Thoughts now turn to the red clay of Stade Roland Garros––the next Grand Slam championship on the calendar. The French Open begins on May 22 following the Masters 1000 tournaments in Madrid and Rome.
The French Open has often presented obstacles to many of the top players. Pete Sampras never won on the red dirt nor did John McEnroe, although he came very lose in 1984.
Maria Sharapova could never capture this title, and the Williams sisters never found the dirt to their liking, although Serena Williams did win the title in 2002 with her sister Venus as the runner-up.
In all, eight men and seven women have won multiple championships since the Open Era began in 1968.
How do you measure the greatness of an athlete within their respective sport? What factors determine the degree of greatness over a period of time, be it years or decades?
Further, how do you determine who is number one in any given list or ranking?
First you must find a pattern and then you must determine the significant components of the ranking—does each factor merit being used as part of the overall equation? Sometimes it does, without question, like the score in a game. The highest or lowest score wins as in football or golf.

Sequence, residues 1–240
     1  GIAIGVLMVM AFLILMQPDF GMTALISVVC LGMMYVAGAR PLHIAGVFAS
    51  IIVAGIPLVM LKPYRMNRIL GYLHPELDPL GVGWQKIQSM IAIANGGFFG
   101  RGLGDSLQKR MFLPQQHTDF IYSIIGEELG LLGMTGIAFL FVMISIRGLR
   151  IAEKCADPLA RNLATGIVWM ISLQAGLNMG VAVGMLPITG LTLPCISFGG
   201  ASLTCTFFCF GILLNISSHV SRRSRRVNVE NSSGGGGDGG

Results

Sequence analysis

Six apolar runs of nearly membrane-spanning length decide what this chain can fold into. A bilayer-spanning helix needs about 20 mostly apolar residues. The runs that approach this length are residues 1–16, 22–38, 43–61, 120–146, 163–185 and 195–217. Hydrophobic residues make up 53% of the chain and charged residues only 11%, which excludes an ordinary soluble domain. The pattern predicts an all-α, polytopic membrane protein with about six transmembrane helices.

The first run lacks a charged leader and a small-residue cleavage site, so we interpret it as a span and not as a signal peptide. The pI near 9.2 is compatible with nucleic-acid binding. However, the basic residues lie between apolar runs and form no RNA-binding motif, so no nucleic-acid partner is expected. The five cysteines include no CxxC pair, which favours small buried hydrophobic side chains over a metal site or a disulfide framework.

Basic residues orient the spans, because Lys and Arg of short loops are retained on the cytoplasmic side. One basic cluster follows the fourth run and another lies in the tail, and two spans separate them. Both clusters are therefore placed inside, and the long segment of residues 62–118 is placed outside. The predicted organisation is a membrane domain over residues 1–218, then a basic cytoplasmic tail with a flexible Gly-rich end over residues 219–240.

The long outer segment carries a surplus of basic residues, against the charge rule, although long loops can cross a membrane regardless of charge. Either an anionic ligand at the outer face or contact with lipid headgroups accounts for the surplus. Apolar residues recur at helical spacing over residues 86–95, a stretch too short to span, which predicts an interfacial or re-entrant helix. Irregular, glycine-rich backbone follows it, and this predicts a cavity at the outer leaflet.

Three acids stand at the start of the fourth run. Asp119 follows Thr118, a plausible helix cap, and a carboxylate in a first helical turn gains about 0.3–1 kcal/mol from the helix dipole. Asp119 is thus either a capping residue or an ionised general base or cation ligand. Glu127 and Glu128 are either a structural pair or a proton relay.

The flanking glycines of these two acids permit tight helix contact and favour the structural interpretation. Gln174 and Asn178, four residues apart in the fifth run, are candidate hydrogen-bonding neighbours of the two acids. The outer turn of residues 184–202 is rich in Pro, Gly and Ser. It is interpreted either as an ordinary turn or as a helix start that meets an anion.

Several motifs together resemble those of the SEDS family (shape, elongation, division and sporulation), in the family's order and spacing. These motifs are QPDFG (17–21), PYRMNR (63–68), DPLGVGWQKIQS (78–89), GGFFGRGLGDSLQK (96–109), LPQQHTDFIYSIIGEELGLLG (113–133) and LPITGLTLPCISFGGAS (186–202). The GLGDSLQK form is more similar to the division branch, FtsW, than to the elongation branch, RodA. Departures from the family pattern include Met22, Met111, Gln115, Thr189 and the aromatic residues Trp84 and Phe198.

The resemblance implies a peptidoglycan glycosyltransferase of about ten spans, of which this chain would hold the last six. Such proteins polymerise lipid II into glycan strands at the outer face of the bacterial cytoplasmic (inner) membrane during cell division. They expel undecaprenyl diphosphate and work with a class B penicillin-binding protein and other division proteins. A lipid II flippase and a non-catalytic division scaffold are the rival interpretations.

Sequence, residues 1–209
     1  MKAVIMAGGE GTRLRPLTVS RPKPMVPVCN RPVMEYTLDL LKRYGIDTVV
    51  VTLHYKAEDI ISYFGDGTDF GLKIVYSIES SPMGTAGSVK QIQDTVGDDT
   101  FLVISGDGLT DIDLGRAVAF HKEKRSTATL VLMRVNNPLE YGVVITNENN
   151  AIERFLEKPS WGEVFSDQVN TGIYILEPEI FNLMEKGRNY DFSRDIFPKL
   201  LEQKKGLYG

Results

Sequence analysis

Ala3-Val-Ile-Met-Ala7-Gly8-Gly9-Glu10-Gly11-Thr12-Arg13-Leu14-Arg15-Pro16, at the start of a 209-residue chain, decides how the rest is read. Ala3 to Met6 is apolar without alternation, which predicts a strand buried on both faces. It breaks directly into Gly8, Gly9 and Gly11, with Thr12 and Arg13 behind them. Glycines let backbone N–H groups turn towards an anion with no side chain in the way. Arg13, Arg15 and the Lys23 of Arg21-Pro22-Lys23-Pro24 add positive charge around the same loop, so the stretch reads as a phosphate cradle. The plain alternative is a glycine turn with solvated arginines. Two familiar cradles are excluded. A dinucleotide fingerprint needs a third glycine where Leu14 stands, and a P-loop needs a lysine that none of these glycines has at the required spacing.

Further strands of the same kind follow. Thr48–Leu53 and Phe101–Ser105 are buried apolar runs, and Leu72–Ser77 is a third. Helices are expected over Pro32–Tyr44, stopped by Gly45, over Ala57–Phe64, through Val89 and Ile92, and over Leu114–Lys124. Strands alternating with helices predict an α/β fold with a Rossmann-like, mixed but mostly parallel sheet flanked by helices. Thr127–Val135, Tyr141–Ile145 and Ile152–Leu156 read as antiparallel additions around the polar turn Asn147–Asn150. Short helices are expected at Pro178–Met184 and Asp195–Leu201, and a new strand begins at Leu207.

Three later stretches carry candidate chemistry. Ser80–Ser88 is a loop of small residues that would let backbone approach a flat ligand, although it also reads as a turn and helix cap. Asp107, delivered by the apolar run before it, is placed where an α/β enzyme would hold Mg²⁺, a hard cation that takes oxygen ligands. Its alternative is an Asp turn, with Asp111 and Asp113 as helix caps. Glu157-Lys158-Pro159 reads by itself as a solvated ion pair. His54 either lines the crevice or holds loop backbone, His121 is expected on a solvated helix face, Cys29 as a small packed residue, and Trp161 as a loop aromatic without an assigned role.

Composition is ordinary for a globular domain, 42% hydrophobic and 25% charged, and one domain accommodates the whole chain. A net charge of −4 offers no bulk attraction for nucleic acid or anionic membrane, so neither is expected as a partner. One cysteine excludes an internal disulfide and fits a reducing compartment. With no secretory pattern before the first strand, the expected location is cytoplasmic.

It is not always a simple task to determine who is the greatest because such discussions invariably have subjective components.
For this ranking, first consider the number of times a man or woman won the title. Add in as well the number of times a player made it to the French Open finals since 1968 (Open Era) as the initial demarcation of greatness.
To be considered the player must have won the French Open more than once since 1968.
It should be noted that Rod Laver did win this tournament twice in 1962 and 1969, once in the Open Era. He also made the finals in 1968.
Roger Federer made four consecutive finals from 2006-2009, winning the title once in 2009.
That just proves how difficult it can be to win this tournament multiple times as these 15 players have done.